Where do they stand today in regard to Organic Wholefoods? This is their answer: "In recent years people's attitudes towards their health, the environment and issues surrounding food production have changed enormously, with far greater awareness of the implications of all of our actions. Here at Infinity, our core principles of sourcing locally grown and produced, organic, non-GM, fair-trade, vegetarian foods have been matched in equal part by the increasing demand for these same foods from our customers." [8]

As one can notice their very first shop was selling wholefoods and later expansion was still serving the needs of ‘wholefood market’. But when the cooperative lists their present core principles in the above quote the word ‘wholefood’ is not mentioned anymore. No surprise if one looks at their catalogue [9]. Among many wholefood products they have also many Organic Refined Foods. For example:

There are many more Refined Foods in their catalogue among chocolate products, jams, juices, cordials, etc. But, contrary to the above facts, in the same catalogue are advertising that they ‘manufacture and distribute wholefoods’:

The above wording is such that customers can get an impression that Organic and Wholefood is the same. For if it were not the same then it would be written "we also manufacture and distribute wholefoods." This impression is confirmed by the next statement (italics mine): "Our extensive Infinity Foods organic range is certified by The Soil Association, the UK's leading organic charity. Soil Association certification is your guarantee that the products meet with the highest standards of integrity across all sectors of the organic market." [10]

In fact, the members of Infinity Foods cooperative have the following opinion about their own beliefs (italics mine): "We believe that it is our responsibility to provide food that is as far as possible, natural and unadulterated, free from GM and hydrogenated fat, organic and ‘Fairtrade’ accredited and sourced from companies with high ethical standards." [11]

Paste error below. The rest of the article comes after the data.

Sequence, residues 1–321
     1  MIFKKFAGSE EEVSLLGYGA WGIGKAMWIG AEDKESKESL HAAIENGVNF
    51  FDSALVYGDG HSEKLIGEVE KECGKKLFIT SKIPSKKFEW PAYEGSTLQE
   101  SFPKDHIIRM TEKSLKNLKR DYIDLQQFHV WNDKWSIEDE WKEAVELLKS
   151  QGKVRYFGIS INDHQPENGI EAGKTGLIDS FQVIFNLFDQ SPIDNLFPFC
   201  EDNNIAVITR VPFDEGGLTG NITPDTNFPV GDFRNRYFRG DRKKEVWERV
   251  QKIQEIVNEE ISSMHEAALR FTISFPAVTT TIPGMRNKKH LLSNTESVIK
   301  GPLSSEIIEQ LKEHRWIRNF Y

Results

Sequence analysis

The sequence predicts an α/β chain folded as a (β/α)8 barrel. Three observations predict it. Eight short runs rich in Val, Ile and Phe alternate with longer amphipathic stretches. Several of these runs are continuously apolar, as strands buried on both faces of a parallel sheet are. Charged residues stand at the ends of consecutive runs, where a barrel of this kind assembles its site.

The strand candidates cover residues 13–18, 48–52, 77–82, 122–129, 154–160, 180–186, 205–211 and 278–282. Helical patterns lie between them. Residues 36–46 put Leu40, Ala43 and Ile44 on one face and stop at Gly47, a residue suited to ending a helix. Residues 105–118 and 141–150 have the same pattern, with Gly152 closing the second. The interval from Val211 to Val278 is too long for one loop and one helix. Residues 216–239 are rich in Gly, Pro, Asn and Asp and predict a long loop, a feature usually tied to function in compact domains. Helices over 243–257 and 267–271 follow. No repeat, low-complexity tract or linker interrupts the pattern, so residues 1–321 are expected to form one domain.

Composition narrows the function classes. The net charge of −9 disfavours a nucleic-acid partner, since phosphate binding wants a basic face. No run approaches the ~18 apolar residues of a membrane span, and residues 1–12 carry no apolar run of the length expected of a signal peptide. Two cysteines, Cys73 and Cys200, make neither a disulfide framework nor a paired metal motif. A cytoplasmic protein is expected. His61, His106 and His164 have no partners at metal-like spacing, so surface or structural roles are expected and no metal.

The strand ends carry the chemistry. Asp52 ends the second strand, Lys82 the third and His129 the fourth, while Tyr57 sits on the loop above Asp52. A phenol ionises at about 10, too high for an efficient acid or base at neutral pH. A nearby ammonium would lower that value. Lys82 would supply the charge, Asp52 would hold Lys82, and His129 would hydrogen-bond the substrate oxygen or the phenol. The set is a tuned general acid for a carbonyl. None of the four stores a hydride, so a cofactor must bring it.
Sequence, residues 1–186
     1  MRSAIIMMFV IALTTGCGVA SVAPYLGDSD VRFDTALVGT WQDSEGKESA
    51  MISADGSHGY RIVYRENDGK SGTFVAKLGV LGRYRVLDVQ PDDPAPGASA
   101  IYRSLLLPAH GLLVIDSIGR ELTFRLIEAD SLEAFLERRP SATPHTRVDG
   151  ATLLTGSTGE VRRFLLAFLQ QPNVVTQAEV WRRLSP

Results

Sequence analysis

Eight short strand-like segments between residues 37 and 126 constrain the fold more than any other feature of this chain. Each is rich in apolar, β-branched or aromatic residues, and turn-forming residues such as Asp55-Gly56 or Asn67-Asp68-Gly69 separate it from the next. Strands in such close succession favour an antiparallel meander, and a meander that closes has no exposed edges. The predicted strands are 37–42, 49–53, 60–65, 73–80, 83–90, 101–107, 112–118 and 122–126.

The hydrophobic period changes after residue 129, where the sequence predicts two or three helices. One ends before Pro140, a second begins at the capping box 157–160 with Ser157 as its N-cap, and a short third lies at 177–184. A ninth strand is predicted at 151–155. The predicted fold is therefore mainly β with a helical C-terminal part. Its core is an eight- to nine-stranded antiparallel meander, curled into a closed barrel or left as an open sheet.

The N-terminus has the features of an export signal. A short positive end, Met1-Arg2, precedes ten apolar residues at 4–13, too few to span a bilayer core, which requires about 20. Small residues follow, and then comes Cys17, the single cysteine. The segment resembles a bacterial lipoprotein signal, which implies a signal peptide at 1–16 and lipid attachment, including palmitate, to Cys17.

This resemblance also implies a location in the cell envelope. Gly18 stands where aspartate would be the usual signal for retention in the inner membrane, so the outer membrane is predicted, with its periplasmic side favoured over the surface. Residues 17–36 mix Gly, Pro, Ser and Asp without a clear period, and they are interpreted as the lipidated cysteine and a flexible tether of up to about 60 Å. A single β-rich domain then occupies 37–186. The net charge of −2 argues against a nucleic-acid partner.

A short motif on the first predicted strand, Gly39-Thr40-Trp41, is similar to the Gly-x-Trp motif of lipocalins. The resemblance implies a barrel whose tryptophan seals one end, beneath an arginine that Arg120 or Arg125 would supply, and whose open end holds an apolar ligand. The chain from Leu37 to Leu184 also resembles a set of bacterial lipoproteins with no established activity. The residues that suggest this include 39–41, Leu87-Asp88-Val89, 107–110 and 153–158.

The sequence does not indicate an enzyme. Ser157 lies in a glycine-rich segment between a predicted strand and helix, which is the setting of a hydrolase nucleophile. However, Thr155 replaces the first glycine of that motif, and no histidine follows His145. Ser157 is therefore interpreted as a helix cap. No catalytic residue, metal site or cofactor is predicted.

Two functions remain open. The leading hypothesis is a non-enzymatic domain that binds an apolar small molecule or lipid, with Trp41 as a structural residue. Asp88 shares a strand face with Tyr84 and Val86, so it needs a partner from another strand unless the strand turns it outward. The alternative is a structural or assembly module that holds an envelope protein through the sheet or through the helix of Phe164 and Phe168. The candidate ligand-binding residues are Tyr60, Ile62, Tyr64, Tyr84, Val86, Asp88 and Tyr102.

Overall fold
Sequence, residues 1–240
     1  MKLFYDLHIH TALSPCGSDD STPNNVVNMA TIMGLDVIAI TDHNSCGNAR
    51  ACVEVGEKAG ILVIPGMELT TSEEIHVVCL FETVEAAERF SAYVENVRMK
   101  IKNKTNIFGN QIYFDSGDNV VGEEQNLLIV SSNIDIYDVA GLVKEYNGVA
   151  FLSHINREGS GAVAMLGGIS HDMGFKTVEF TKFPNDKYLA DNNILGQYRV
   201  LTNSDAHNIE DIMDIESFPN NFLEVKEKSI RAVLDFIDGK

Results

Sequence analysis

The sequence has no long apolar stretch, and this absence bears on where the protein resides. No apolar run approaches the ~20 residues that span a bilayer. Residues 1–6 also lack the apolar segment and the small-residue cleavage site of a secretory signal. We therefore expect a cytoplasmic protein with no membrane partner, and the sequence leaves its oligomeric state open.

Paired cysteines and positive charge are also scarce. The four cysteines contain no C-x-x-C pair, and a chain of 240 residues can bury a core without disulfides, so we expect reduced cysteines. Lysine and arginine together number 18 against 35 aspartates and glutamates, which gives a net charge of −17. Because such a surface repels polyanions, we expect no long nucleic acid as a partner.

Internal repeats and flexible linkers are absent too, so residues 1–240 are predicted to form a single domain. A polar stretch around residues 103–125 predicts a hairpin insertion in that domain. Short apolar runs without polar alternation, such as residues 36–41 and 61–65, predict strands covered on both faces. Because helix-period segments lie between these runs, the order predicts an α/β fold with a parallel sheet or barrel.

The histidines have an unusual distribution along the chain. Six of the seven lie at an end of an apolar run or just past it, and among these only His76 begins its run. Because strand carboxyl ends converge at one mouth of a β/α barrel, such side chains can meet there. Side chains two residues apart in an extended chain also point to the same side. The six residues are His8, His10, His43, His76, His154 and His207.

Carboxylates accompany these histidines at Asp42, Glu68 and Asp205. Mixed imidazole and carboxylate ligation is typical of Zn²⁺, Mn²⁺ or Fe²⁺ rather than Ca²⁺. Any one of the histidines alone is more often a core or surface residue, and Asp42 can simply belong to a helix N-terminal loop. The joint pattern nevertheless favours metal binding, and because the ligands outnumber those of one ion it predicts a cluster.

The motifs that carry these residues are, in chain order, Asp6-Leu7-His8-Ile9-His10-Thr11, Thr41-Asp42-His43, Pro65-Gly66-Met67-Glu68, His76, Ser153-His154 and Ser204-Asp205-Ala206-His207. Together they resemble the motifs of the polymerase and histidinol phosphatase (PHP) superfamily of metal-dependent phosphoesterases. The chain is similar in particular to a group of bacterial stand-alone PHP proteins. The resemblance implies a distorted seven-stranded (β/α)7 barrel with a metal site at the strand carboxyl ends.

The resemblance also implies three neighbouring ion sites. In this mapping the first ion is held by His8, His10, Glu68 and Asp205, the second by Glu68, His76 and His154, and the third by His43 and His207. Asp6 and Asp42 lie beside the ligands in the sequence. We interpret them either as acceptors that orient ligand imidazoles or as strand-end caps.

It seems as if they do not notice any disparity between the core values and quality standards in regard to wholefood versus refined in spite of the fact that (italics mine): "Back in 1970, two friends opened a macrobiotic café at the University of Sussex called "Biting Through", which led to a demand for the ingredients they were using in their cooking. The following year, they opened a small shop in a converted terraced house in Church Street. Here they sold basic vegetarian whole foods and freshly baked products." [12]

The above referred two friends initiated their whole business inspired by macrobiotics (see Appendix 2: Macrobiotics Stand to Wholefood vs Refined). Are they not capable of seeing that their story is not just ‘40 Years of Good Stuff’ but it is also a story of how in 40 years the core values and quality standards in regard to Wholefoods have been diluted to an extreme degree?

1.3 Deadly Threat to Organic Integrity

In 2001 the president of the Soil Association, Patrick Holden, gave an overview of seven deadly threats to organic integrity. He lists the following ones: certification wars, price wars, compromises on food quality, agricultural establishment ignorance, the food standards agency, own label products, and consumer ignorance. In the Conclusion of his article he wrote: "Those who have nurtured the growth of the organic movement must be ever vigilant that, like so many radical movements, it does not, as a direct result of its success, become its opposite. If we successfully resist these threats we could transform our food culture." [13]